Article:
Perhaps true for many Orthodox churches, but under the previous Pope and Patriarch of Alexandria, Africa was actively and successfully being evangelized. We hope that continues.
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« Reply #18 on: August 07, 2006, 10:58:29 PM »

Hi Steve,

Although I'm not Catholic, I feel as though I'm compelled to defend the Catholic Church due to much of the flak that she often gets. I think compared to most churches the Catholic Church has made huge strides in the 20th century and while there are perhaps many advances to be made yet she perhaps has lead the whole of traditional Christendom in 20th century Christianity.

To her own merit the Catholic church has shed off many of the extraneous theological developments procured from the medieval ages, and many of these while perhaps not officially excluded have been in a sense set aside, ignored and rationalised in a manner much more palatable to the traditionalist Christian. The Catholic Church I think presents quite well the dogmas that you enumerate while tending to express many of the other more controversial topics as theologoumenon rather than strict dogma.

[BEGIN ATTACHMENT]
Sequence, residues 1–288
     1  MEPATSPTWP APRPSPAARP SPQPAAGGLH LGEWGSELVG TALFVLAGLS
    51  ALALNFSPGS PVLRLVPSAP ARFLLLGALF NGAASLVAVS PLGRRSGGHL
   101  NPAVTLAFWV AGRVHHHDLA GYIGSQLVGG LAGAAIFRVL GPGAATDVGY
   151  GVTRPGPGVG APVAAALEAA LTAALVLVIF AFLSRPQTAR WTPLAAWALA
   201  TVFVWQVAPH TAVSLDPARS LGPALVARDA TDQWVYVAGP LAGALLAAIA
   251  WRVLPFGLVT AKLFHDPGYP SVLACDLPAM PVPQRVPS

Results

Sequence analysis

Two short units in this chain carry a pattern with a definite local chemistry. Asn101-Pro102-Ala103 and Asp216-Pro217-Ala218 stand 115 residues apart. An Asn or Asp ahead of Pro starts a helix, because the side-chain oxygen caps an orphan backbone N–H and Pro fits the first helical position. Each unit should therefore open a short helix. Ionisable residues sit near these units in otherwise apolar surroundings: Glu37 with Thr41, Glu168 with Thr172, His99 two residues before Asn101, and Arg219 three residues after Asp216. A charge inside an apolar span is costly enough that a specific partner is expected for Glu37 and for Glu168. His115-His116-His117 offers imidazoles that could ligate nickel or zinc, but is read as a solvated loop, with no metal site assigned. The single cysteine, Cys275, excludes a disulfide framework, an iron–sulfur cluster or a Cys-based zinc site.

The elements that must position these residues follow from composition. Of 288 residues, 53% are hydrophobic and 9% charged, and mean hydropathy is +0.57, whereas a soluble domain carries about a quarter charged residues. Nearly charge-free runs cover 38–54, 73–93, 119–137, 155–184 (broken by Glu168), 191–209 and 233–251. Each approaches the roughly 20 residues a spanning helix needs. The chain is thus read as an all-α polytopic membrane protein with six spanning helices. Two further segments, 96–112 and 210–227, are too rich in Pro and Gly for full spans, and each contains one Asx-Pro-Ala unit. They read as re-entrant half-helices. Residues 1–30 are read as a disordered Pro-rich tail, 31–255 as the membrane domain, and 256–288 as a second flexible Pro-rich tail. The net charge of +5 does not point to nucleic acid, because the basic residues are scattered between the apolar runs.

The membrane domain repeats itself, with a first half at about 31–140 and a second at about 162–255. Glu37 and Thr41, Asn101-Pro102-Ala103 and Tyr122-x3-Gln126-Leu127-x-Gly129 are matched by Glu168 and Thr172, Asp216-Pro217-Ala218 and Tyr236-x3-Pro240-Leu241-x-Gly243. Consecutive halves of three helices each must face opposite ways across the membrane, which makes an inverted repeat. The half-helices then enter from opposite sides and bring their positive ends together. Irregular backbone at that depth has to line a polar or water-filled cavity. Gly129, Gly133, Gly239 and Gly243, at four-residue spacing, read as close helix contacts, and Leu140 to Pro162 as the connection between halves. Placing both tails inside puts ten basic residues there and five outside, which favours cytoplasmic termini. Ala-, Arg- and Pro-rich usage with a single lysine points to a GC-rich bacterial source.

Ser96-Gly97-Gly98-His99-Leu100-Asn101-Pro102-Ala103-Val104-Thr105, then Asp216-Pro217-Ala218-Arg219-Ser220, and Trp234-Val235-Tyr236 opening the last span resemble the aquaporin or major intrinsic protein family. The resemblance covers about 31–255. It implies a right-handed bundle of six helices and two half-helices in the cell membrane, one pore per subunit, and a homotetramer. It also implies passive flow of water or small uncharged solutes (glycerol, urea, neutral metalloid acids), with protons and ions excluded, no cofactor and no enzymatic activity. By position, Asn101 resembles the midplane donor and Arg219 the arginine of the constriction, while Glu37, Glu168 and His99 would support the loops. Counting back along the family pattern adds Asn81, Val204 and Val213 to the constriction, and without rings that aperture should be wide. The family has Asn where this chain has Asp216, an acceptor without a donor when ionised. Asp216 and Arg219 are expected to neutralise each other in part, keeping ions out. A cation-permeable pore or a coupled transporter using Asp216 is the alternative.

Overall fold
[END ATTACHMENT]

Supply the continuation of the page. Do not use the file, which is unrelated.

The Catholic Church seems to have adapted quite well to the demands of 20th century man while not compromising her traditionalist faith and humbly acknowledging many of its errors of the past. I tend to see the Catholic Church as much more missionary orientated, charitable and politically active. Not to mention that perhaps the most reknown saint of the 20th century has been a product of the Catholic Church, ie Mother Theresa.